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In 1925 there were 9 members; in 1950, 15 ; in 1965, 29. The congregation dissolved in 1966. The building was sold and moved; the land was also sold. (This land was immediately east of the cemetery.) The cemetery is still in use. South Cayuga was affiliated with the Mennonite Conference of Ontario after 1835. The language of worship was English. After the congregation closed most members affiliated with the [[Rainham Mennonite Church (Selkirk, Ontario, Canada)|Rainham Mennonite Church]].
 
In 1925 there were 9 members; in 1950, 15 ; in 1965, 29. The congregation dissolved in 1966. The building was sold and moved; the land was also sold. (This land was immediately east of the cemetery.) The cemetery is still in use. South Cayuga was affiliated with the Mennonite Conference of Ontario after 1835. The language of worship was English. After the congregation closed most members affiliated with the [[Rainham Mennonite Church (Selkirk, Ontario, Canada)|Rainham Mennonite Church]].
 
 
 
= Bibliography =
 
= Bibliography =
 
Burkholder, L. J. <em class="gameo_bibliography">A Brief History of the Mennonites in Ontario.</em> Kitchener, ON: Mennonite Conference of Ontario, 1935: 32, 55.
 
Burkholder, L. J. <em class="gameo_bibliography">A Brief History of the Mennonites in Ontario.</em> Kitchener, ON: Mennonite Conference of Ontario, 1935: 32, 55.
 
 
 
{{GAMEO_footer|hp=Vol. 4, p. 584|date=January 1989|a1_last=Fretz|a1_first=Joseph C.|a2_last=Epp|a2_first=Marlene}}
 
{{GAMEO_footer|hp=Vol. 4, p. 584|date=January 1989|a1_last=Fretz|a1_first=Joseph C.|a2_last=Epp|a2_first=Marlene}}

Revision as of 19:00, 20 August 2013

South Cayuga Mennonite Church (Mennonite Church), first known as Fry's Corners, was located on the Rainham Road, a mile north of Lake Erie and 8 miles west of the Rainham Mennonite neighborhood. Services began in 1835, and land was conveyed for worship and school purposes in 1839 and 1843. John Fry and Jacob Culp were the founding leaders of the group. The congregation originated through colonization from Welland County, York County, and The Twenty areas of Ontario. A frame meetinghouse was built in 1850. This was a fairly strong fellowship by 1870. The Old Order Mennonite group was the stronger group after the division of 1889. Christian Gayman was an influential bishop here before the division. When John Shirk, the last Old Order minister, moved to Waterloo County, this faction ceased to function. Mennonite ministers in charge have been Moses Hoover of Rainham after 1893 and A. Lewis Fretz, also at Rainham since 1931. For several years after 1917 this congregation with under 20 members became the charge of the Rural Mission Board of Ontario. By 1957 the membership had risen to 32.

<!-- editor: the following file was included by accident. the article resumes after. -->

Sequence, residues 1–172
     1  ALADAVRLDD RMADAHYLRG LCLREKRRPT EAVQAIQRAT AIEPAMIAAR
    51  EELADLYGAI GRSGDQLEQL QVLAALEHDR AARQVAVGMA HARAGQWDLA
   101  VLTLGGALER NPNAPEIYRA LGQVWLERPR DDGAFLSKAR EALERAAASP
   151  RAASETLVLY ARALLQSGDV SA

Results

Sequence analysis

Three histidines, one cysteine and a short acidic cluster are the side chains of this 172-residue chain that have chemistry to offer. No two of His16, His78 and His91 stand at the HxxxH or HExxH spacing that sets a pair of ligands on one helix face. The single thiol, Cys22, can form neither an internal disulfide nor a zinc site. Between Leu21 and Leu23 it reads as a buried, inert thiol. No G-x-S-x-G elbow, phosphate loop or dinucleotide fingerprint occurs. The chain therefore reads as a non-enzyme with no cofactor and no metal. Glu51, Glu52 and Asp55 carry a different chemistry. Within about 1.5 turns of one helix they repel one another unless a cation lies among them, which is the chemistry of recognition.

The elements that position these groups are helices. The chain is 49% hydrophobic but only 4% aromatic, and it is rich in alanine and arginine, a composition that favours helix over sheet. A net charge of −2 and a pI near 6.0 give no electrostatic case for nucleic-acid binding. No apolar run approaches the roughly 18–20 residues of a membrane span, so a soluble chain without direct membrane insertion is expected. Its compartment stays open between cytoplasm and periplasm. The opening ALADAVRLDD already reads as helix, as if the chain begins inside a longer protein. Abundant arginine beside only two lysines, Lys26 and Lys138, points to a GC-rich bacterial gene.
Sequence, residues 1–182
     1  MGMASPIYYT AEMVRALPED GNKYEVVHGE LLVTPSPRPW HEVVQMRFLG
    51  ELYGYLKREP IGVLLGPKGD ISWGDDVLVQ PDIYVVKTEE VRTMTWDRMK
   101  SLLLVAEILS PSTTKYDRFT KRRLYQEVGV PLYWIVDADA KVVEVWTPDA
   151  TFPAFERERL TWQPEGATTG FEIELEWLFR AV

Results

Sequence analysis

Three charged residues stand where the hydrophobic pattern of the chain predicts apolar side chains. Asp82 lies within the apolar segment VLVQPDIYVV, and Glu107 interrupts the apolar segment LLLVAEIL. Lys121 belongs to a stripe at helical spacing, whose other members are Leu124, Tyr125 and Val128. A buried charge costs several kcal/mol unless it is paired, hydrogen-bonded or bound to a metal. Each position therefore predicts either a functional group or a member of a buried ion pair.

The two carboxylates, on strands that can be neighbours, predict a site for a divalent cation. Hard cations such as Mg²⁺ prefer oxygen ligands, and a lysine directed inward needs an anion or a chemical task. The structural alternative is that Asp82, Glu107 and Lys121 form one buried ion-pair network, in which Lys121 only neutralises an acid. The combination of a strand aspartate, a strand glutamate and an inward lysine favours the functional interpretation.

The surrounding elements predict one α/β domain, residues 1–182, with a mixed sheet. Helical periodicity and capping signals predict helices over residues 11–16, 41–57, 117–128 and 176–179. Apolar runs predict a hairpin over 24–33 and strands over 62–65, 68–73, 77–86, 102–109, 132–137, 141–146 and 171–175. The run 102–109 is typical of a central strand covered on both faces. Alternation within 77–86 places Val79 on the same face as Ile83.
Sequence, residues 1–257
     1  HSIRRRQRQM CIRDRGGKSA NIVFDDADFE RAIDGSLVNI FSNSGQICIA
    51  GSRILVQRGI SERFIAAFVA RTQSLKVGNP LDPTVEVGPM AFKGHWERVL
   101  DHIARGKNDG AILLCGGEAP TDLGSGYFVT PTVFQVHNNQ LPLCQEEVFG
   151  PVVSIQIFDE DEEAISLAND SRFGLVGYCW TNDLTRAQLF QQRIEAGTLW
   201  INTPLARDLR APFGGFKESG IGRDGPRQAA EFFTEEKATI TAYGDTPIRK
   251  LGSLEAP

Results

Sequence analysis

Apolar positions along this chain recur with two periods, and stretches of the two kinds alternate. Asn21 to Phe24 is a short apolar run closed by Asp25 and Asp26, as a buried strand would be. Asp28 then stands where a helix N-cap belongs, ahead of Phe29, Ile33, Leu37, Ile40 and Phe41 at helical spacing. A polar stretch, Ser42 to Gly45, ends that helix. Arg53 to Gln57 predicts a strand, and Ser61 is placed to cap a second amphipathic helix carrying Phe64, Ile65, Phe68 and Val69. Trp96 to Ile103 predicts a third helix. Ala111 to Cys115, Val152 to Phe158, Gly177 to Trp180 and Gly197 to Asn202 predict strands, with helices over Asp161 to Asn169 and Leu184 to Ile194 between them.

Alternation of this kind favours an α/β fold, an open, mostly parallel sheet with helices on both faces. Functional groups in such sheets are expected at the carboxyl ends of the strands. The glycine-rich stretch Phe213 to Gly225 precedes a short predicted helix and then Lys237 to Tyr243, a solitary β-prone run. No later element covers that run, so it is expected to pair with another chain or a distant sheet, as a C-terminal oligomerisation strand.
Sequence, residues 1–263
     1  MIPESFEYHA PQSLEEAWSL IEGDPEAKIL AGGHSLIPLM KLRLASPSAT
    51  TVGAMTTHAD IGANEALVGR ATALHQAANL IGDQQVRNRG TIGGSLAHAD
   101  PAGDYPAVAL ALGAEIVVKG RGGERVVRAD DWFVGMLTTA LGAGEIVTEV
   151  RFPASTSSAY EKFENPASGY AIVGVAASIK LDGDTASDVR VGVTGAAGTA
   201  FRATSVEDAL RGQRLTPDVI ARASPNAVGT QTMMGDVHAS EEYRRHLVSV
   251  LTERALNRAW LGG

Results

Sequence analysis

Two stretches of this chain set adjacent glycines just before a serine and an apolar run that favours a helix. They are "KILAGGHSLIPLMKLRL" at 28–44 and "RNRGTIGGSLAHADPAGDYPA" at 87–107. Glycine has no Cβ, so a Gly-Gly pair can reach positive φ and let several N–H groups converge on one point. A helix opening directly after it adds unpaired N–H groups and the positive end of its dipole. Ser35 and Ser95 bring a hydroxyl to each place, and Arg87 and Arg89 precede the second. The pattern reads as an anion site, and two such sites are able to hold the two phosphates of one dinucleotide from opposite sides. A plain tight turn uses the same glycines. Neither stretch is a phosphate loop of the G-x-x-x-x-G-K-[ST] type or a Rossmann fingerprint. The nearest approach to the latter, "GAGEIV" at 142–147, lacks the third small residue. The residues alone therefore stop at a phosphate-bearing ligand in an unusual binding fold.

In 1925 there were 9 members; in 1950, 15 ; in 1965, 29. The congregation dissolved in 1966. The building was sold and moved; the land was also sold. (This land was immediately east of the cemetery.) The cemetery is still in use. South Cayuga was affiliated with the Mennonite Conference of Ontario after 1835. The language of worship was English. After the congregation closed most members affiliated with the Rainham Mennonite Church.

Bibliography

Burkholder, L. J. A Brief History of the Mennonites in Ontario. Kitchener, ON: Mennonite Conference of Ontario, 1935: 32, 55.


Author(s) Joseph C. Fretz
Marlene Epp
Date Published January 1989


Cite This Article

MLA style

Fretz, Joseph C. and Marlene Epp. "South Cayuga Mennonite Church (Dunnville, Ontario, Canada)." Global Anabaptist Mennonite Encyclopedia Online. January 1989. Web. 23 Dec 2014. http://gameo.org/index.php?title=South_Cayuga_Mennonite_Church_(Dunnville,_Ontario,_Canada)&oldid=77832.

APA style

Fretz, Joseph C. and Marlene Epp. (January 1989). South Cayuga Mennonite Church (Dunnville, Ontario, Canada). Global Anabaptist Mennonite Encyclopedia Online. Retrieved 23 December 2014, from http://gameo.org/index.php?title=South_Cayuga_Mennonite_Church_(Dunnville,_Ontario,_Canada)&oldid=77832.




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Adapted by permission of Herald Press, Harrisonburg, Virginia, and Waterloo, Ontario, from Mennonite Encyclopedia, Vol. 4, p. 584. All rights reserved. For information on ordering the encyclopedia visit the Herald Press website.


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